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Performance Based Seismic Design - Is anyone interested?

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Applied Technology Council (ATC) with Building Seismic Safety Council (BSSC) 
has been and will be holding Regional Training Seminars entitled "NEHRP 
Guidelines for the Seismic Rehabilitation of Buildings (FEMA 273) in many US 
cities.  I do not know the exact number of engineers and others who have 
attended these Seminars, but by the time these Seminars are completed, it is 
reasonable to assume that over 1,000 engineers will have attended them.   An 
important part of these Seminars discusses "Performance Based Seismic Design" 
with seismic rehabilitation objectives of "Immediate Occupancy", "Damage 
Control", "Life Safety", "Collapse Prevention", etc.

My concern tonight is whether or not the SEAINT List Server is reaching some 
of these over 1,000 engineers and others, who will have attended these 
ATC/BSSC Seminars.  The fact that they took two days of their valuable time 
to attend these Seminars indicates to me that they represent a group of 
engineers and others who are trying to keep up the latest developments in 
earthquake engineering and SEAINT List Server should be trying to reach them 
because SEAINT would benefit from their input.  

I do not see discussions of FEMA 273, FEMA 310 and similar Performance Based 
Seismic Design guidelines and "prestandards"  posted on the SEAINT List 

Based on my experience as a "Peer Reviewer" for three case studies in the 
BSSC Case Studies Project,  which applies and tests the FEMA 273 Guidelines 
to real buildings,  at least two out of my three case studies Design firms 
expressed in their case studies reports that they felt that the FEMA 273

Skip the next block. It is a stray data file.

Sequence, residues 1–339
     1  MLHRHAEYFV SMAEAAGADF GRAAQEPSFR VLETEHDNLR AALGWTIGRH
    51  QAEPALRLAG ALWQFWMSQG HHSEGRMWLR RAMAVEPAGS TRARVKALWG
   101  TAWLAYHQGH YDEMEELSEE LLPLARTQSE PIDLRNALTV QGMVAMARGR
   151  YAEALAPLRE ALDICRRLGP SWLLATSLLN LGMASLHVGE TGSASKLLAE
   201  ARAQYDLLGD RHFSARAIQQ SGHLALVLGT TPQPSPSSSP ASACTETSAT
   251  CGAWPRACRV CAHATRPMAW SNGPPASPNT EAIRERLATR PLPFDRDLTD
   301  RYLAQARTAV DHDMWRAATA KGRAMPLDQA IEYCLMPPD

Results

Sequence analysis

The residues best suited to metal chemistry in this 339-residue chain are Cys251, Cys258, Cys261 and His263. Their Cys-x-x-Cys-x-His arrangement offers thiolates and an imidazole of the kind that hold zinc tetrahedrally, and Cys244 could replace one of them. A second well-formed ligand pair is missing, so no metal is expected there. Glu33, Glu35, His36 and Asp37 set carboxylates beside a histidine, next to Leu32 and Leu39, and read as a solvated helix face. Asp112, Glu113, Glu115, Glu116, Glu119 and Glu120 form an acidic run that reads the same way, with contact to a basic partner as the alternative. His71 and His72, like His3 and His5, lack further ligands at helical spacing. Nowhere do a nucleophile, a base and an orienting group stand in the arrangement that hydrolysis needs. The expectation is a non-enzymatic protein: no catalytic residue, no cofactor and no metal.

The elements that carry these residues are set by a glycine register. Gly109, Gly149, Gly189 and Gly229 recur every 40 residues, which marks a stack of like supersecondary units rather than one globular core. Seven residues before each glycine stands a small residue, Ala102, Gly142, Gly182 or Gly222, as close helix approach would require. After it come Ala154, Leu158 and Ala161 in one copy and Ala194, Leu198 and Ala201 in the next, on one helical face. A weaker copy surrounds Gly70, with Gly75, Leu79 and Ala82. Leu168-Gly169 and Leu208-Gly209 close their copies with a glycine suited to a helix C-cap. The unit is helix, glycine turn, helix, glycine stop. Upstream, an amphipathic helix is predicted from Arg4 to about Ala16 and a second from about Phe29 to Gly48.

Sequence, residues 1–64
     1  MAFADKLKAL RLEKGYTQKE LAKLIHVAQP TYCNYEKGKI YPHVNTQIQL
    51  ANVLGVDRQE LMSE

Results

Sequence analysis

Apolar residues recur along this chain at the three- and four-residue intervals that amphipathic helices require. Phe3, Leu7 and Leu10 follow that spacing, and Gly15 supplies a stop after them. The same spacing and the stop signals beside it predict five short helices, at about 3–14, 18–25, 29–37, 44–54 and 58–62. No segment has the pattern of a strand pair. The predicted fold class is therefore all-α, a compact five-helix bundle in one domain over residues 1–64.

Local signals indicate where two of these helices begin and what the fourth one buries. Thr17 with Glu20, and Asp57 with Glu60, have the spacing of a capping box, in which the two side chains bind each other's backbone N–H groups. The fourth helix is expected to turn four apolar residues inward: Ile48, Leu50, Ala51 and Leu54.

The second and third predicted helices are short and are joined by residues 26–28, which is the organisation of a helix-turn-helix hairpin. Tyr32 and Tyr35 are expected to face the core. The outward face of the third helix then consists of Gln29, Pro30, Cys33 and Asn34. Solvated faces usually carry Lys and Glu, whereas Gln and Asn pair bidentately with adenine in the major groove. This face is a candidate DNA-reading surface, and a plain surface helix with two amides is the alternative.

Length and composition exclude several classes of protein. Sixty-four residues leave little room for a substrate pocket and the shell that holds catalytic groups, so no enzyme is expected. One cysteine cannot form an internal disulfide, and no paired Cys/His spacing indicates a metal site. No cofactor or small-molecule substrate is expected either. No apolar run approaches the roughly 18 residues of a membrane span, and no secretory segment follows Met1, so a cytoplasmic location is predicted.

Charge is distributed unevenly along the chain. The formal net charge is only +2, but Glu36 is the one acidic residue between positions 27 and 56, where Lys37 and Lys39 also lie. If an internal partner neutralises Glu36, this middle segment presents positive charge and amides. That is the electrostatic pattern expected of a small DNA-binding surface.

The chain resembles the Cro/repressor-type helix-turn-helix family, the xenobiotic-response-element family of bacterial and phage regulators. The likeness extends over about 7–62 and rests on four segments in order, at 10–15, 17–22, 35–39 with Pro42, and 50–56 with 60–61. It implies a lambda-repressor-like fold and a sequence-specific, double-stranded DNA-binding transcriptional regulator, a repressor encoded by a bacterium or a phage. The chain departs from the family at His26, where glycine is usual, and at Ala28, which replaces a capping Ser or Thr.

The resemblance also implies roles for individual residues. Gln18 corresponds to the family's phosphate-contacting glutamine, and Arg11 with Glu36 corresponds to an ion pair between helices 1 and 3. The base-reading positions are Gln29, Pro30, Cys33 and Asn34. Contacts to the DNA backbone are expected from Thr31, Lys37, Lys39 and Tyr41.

Guidelines methodology would someday be the basis of the seismic building 
code provisions in the United States. 

On June 3, 1999, I posted "And the Buildings Will Not Even Catch a Cold" - 
Performance Based Seismic Design" and on June 5, 1999, I posted "Prescribe 
"Immediate Occupancy" for your FEMA 310 and 273 Evaluations and 
Rehabilitation's and Your Buildings will not even Catch a Cold."  I thought 
that these postings to the SEAINT List Server would attract at least a few 
remarks and thoughtful replies from engineers who are interested in 
Performance Based Seismic Designs.  As of  
nearly midnight on June 6, 1999, NO REPLIES! 

Can SEAINT List Server claim to represent the broad cross-section of the 
structural engineering design profession when there are no discussions of  
other important structural engineering issues on SEAINT?

I have followed FEMA 273 since it conception and served on the FEMA 273, 
Chapter 11, Non-structural, "Architectural, Mechanical, and Electrical 
Components" team, which produced the one Chapter in FEMA 273 that has had the 
fewest critical comments as compared with the other FEMA 273 Chapters.

It will come as no surprise to the members of the SEAINT List Server that I 
have serious concerns about FEMA 273, particularly the inadequate provisions 
in FEMA 273, Section 2.11.4, Overturning.  These inadequate overturning 
provisions in FEMA 273 are "handed down "  to FEMA 310, A Prestandard (what 
ever that means) and the proposed ASCE/FEMA 273, which is now going through 
the ASCE Standards processes. 

In recent months, the SEAINT List Server has been filled with discussions of 
"rigid" vs. "flexible" wood diaphragms and other issues related to the 
interpretation of the 1995 and 1997 Uniform Building Codes, and 1997 NEHRP 

In my judgment, by neglecting to even look at and discuss the obvious 
inadequacies in FEMA 273,  the SEAINT  has been and continues to "look at the 
gnats (small biting flying insects)  while the unherded elephants run by."

If you like the 1997 Uniform Building Code or the 1997 NEHRP Provisions, you 
will love FEMA 273 and FEMA 310.

I will not live to see the FEMA 273 methodology implemented into the future 
building codes.  Maybe by then someone will remember that an old engineer, 
Frank McClure, "sleepless"  in Orinda, CA told us that the "bridge is out and 
the train is coming."

Like medical doctors, prescribe and provide treatment for your buildings to 
recover to "Immediate  Occupancy" health and these buildings will not even 
catch a cold so the FEMA 273 and 310 medical books would have you believe.

Frank E. McClure       FEMCCLURE(--nospam--at)    June 7, 1999

File: PBSD1.doc